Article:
writing RSA key
exported files in /root/my.home.router.fqdn.tgz

If you’d like to verify that the certificates have been generated correctly (never a bad idea), check the output of:

openssl x509 -in /etc/ssl/ipsec/"hostname goes here".crt -noout -text

The ikectl ca command generates the public certificate and private key; the export subcommand creates a tarball in your current directory, to be copied to the client, containing:

FilenameDescription
ca/ca.crtThe CA’s certificate
certs/my.home.router.fqdn.crtThe client’s certificate
crls/ca.crlThe CA’s current certificate revocation list
export/ca.pfxThe CA’s certificate in PKCS #12 format
export/my.home.router.fqdn.pfxThe CA’s certificate and client’s keypair in PKCS #12 format
private/my.home.router.fqdn.keyThe client’s RSA private key
private/local.keyThe client’s RSA private key (same as above)
local.pubThe client’s RSA public key

The PKCS #12 files (whether or not they contain private keys) are encrypted using the passphrase provided during export; all other files are unencrypted.

The install subcommand copies the selected certificate to /etc/iked/certs/my.cloudy.host.fqdn.crt (public) and /etc/iked/private/local.key (private).

Finally, the ikectl ca command does not place the keymat where iked will look, so copy it to the right place in the right format.

openssl rsa -in /etc/iked/private/local.key -pubout > \
  /etc/iked/pubkeys/fqdn/my.cloudy.host.fqdn
openssl x509 -pubkey  -in /etc/ssl/ipsec/my.home.router.fqdn.crt \
  -noout > /etc/iked/pubkeys/fqdn/my.home.router.fqdn

Network interfaces

We’ll configure multiple interfaces for the VPN; enc0 defines the endpoint address of the VPN itself, and gre0 defines the tunnel we’ll run over it. (GRE is required because OSPF uses multicast IP addresses, which won’t directly run over the IPsec tunnel.)

Create /etc/hostname.enc0 and /etc/hostname.gre0:

InterfaceContents of /etc/hostname.if
enc0inet 172.16.128.1/32
gre0inet 172.16.129.1/32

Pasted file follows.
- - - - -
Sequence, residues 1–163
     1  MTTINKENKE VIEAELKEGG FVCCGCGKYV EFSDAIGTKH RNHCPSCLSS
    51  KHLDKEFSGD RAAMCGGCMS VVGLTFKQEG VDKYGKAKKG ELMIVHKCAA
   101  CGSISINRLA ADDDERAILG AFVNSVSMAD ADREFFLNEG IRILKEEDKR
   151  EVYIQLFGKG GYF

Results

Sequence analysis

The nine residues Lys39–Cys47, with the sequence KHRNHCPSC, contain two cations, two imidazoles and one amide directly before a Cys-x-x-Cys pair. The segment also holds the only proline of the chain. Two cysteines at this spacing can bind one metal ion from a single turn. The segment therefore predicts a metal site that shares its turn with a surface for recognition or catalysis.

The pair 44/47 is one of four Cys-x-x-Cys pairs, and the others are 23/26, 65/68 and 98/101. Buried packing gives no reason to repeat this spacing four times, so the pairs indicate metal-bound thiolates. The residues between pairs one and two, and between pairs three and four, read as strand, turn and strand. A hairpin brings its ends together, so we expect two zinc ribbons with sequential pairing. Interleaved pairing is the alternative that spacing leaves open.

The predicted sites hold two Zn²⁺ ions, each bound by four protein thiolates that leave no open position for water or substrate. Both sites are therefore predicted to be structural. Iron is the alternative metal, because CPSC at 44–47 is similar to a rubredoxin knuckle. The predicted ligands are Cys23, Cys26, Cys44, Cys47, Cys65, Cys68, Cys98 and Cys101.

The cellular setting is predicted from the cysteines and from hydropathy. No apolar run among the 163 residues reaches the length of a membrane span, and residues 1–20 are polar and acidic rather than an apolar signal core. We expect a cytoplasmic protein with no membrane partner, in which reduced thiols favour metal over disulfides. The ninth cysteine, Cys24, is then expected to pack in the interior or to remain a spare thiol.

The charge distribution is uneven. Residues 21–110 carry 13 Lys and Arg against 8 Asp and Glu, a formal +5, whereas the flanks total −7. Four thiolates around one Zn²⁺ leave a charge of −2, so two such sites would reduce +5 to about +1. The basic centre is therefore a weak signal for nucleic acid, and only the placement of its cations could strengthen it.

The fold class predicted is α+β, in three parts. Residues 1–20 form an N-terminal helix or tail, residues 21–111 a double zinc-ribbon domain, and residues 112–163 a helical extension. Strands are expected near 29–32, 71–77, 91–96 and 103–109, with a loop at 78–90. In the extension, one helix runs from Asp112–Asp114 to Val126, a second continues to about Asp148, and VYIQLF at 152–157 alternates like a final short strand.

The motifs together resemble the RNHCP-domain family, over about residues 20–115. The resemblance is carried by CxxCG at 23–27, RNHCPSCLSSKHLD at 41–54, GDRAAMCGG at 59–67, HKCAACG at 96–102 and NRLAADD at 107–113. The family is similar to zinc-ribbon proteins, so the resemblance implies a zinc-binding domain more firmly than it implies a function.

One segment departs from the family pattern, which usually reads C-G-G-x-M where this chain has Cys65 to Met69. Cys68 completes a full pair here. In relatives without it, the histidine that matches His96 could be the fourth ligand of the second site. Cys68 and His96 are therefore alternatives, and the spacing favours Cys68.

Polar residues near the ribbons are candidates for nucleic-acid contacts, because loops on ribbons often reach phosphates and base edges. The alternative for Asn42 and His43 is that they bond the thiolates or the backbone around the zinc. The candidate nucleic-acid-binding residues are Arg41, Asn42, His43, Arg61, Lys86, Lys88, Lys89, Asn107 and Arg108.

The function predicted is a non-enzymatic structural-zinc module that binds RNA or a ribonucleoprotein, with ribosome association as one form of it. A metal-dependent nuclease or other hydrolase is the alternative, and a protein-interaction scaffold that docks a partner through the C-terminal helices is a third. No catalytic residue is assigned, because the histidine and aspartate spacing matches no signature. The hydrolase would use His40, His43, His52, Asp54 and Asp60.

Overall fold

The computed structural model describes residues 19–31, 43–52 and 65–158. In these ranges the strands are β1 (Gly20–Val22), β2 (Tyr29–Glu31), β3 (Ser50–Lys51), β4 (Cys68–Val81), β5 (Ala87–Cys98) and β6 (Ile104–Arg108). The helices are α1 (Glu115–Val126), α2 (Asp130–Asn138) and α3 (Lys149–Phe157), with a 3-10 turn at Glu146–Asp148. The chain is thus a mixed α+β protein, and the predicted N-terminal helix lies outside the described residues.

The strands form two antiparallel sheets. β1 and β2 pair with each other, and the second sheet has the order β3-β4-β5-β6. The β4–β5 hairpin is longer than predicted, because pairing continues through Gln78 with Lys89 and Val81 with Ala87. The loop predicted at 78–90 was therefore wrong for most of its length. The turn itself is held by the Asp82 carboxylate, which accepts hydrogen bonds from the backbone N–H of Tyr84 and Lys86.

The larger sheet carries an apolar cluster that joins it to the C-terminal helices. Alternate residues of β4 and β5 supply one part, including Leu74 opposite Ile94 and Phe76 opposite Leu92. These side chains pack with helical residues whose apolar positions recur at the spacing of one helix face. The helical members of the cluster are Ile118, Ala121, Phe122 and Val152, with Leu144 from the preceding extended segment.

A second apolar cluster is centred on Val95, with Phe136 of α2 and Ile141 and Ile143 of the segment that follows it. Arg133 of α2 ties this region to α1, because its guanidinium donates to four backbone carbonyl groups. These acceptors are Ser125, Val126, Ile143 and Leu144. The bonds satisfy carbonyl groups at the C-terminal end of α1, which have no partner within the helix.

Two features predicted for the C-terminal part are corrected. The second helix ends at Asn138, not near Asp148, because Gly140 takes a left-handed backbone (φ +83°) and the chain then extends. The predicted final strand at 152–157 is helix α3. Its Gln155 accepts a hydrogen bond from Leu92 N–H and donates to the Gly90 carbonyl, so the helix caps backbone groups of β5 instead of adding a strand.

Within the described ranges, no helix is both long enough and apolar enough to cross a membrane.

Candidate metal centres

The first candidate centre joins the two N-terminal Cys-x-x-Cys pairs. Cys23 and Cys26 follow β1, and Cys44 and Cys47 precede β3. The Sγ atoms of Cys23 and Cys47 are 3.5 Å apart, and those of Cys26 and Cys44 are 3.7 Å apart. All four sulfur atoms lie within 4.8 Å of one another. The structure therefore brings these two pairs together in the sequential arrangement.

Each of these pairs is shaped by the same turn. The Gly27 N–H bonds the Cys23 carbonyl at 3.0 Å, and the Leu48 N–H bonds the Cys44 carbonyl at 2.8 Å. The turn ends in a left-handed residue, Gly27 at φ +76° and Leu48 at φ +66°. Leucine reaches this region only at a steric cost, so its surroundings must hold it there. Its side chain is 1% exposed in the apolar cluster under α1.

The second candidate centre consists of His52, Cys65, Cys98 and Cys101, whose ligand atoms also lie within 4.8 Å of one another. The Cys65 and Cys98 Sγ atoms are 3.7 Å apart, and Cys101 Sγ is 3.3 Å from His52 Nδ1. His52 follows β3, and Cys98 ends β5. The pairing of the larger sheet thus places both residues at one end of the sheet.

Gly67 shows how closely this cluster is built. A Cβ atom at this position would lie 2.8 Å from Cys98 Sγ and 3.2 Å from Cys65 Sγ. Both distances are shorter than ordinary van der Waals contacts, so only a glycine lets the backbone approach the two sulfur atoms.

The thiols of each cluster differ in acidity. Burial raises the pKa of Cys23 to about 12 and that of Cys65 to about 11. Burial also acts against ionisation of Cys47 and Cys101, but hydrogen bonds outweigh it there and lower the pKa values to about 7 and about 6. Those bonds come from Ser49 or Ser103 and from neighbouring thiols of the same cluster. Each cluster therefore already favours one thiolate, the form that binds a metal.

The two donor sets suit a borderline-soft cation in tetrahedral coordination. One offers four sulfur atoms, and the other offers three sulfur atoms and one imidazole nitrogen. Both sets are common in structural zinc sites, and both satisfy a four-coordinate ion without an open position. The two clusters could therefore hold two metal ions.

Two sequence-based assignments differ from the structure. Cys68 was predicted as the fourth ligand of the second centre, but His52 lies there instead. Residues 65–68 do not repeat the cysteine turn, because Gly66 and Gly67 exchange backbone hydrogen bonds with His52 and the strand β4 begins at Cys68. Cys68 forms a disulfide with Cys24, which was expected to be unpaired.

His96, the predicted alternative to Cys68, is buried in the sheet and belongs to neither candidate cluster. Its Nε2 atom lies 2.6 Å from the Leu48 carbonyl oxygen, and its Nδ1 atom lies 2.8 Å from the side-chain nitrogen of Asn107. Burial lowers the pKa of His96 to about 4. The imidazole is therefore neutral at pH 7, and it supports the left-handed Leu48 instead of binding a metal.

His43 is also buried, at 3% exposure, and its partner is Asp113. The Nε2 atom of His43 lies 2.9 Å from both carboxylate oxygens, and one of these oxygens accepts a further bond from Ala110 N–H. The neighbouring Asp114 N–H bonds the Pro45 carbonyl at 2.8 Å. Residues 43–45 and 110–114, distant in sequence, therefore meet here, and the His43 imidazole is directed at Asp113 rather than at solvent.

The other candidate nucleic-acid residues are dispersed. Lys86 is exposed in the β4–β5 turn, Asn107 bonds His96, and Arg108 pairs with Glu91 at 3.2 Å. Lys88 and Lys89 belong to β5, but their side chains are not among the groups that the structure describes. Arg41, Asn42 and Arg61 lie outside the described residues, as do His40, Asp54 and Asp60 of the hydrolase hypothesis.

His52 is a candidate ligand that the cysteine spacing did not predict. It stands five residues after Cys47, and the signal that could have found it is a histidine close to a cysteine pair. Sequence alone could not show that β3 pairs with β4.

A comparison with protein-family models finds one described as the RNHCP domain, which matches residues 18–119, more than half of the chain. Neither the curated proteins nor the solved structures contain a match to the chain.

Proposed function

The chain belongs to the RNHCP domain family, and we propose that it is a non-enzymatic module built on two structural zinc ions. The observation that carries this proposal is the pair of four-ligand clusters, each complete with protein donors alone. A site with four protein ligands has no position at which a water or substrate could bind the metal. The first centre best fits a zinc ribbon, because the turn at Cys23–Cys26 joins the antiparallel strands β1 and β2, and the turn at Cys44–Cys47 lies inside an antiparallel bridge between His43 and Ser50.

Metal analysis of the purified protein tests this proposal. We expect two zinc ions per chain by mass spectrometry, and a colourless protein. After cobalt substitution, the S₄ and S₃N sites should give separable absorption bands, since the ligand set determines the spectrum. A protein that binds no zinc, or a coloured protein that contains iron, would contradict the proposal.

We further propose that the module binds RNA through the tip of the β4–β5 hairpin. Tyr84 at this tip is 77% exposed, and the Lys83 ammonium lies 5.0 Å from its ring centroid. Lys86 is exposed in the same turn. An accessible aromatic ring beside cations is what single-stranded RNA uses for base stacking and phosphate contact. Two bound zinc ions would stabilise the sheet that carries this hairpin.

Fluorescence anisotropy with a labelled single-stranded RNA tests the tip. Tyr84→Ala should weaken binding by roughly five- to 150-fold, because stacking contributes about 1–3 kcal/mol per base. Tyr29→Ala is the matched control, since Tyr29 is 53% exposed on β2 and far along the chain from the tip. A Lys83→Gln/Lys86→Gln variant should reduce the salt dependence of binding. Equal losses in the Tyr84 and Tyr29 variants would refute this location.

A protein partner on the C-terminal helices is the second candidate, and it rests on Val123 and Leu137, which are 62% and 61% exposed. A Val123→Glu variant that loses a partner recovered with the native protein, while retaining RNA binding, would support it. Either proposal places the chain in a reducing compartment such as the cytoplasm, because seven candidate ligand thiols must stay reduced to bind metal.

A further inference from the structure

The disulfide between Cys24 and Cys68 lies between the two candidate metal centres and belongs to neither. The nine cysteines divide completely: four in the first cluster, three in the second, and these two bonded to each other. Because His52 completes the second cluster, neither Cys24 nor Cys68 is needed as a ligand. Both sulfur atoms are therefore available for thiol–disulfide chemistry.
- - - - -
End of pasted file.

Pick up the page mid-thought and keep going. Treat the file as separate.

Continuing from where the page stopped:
dest 172.16.129.2
tunnel 172.16.128.1 172.16.128.2

Then bring them up. You’ll probably see an error message about the hostname.if files being insecure; they were world-readable, which the netstart script corrects.

sh /etc/netstart enc0 gre0

sysctls

Some of the necessary features we’ll need aren’t enabled by default. Create /etc/sysctl.conf, which will be read on boot:

net.inet.ip.forwarding=1
net.inet6.ip6.forwarding=1
net.inet.gre.allow=1
net.inet.ipcomp.enable=1

Then activate these changes:

for i in $(cat /etc/sysctl.conf)
do
    sysctl $i
done

VPN and routing configuration

The VPN will initially encrypt and route traffic within our private address space; we’ll add other services later. To make this work, we’ll need to configure and enable:

  • ospfd
  • iked
  • pf
  • HAProxy

iked handles keying for the VPN endpoints. The daemon configuration (in /etc/iked.conf) will look something like this:

myfqdn = "my.cloudy.router.fqdn"
mypublic = "192.0.2.3"

homefqdn = "my.home.router.fqdn"

ikev2 "cloudy" default ipcomp esp \
        from 172.16.128.1/32 to 172.16.128.2/32 \
        local $mypublic  \
        ikesa enc aes-256 prf hmac-sha2-512 auth hmac-sha2-512 group ecp384 \
        childsa enc aes-256-gcm prf hmac-sha2-512 group ecp384 \
        srcid $myfqdn dstid $homefqdn

The above configuration creates a policy allowing traffic between 172.16.128.1 (enc0 on the server) and 172.16.128.2 (lo1 on the client). The srcid and dstid parameters specify which of the from and to address blocks is local and which remote.

We use authenticated encryption with associated data (AEAD) for the child (ESP) SA, but that’s not an option for the parent (IKE) SA. iked’s configuration doesn’t specify the Integrity Check Value (ICV) length that would follow aes-256-gcm in other implementations (e.g. aes-256-gcm16); this is because you should only use a 16-octet ICV.

At this point, you can fix the configuration file’s permissions and turn on the VPN (temporarily)

chmod 640 /etc/iked.conf
iked -vvd

iked will display some debug messages to the terminal, but there shouldn’t be any errors. Press Ctrl-C to exit.

ospfd propagates routing information between the two sites, and is configured with /etc/ospfd.conf:

router-id 172.16.128.1

area 0.0.0.0 {
        interface gre0
}

And yes, that’s going to need to have the proper permissions.

chmod 640 /etc/ospfd.conf

We’ll configure OpenBSD’s firewall to allow remote dial-in and ensure that unencrypted traffic is not permitted to traverse the private network. A basic PF configuration (/etc/pf.conf):